Educate athletes and other sports personnel about energy requirements for their particular sport—the role of food in body fueling.

Develop appropriate and realistic weight and body composition goals and counsel athletes on nutritionally sound practices to reach and maintain an appropriate weight and body composition.

Provide individualized meal plans when warranted.

Evaluate any vitamin/mineral or herbal supplement, sports food or ergogenic aid an athlete wants to use, and provide guidance on legal, safe and effective methods to gain a competitive edge.

Build rapport with athletes, athletic trainers, coaches and family members, and disseminate ongoing sound and credible nutrition strategies to meet sports-related nutrition goals. For example, nutrition strategies while traveling and eating away from home, while exercising in extreme conditions, as well as timing of meals and snacks relative to activity.

Educate and consult with food-service director and staff on menus, training-table options and off-site meals for athletes.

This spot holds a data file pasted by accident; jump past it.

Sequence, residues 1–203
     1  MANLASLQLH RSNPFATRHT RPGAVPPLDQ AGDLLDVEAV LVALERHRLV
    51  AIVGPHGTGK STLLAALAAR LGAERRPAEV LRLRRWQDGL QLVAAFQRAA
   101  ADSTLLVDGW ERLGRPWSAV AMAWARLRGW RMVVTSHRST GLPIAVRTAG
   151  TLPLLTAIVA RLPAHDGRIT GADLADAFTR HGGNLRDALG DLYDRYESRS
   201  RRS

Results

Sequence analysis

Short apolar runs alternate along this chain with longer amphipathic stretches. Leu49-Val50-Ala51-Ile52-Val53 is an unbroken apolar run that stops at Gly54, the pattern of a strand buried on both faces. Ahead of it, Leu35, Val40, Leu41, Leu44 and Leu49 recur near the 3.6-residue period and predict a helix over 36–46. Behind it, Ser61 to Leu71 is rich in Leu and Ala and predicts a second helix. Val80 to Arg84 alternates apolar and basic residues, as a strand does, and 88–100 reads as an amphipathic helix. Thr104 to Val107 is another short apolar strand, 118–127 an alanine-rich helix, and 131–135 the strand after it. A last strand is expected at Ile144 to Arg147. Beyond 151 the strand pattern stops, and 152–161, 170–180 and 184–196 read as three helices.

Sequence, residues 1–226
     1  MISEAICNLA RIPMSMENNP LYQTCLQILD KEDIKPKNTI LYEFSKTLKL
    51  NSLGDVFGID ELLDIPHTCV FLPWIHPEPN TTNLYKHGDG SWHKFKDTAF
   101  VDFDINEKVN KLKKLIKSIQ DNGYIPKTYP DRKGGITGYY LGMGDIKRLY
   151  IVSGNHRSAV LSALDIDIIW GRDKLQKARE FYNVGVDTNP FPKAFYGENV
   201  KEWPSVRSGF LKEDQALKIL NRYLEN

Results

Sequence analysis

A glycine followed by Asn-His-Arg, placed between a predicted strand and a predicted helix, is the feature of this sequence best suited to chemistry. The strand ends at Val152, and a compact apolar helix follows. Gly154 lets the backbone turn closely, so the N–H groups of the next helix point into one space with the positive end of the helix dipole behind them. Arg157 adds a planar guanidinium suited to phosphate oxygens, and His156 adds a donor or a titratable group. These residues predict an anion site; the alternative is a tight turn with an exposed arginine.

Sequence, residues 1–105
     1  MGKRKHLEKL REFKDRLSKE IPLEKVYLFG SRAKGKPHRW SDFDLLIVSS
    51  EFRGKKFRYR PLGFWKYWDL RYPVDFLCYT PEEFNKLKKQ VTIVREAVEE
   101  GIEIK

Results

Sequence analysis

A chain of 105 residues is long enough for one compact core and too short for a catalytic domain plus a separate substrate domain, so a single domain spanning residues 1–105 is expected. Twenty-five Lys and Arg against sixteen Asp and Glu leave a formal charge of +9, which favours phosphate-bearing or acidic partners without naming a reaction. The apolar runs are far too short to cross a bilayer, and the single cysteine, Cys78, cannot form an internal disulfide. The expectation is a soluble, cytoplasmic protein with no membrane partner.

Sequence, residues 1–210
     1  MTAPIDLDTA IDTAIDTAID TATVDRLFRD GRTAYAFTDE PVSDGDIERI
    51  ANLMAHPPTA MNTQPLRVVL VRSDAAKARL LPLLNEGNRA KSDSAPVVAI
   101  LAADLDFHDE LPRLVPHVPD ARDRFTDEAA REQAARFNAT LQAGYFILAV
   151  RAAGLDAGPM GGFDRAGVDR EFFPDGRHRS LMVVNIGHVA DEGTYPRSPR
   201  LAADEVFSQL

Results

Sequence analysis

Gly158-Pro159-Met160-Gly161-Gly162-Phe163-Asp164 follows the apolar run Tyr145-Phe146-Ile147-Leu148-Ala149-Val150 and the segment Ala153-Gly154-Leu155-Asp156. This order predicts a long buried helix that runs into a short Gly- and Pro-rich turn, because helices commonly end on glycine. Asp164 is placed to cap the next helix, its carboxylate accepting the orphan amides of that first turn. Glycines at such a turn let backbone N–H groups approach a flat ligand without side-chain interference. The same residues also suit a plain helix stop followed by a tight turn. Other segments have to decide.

Network and consult with other healthcare providers to develop comprehensive medical nutrition therapy for athletes with or at risk for eating disorders, celiac disease, diabetes, food allergies, high blood pressure, iron-deficiency anemia and other health-care concerns.

Screen for inadequate caloric intake (energy drain), disordered eating and eating disorders among potential incoming male and female student-athletes.

Sports Dietetics — USA

In 2004, the Academy of Nutrition and Dietetics (AND) formed a special sub-unit called Sports Dietetics — USA (SD-USA). This sub-unit is under the auspices of Sports, Cardiovascular and Wellness Nutrition (SCAN), the largest sub-practice group of the Academy with 6,000-plus members.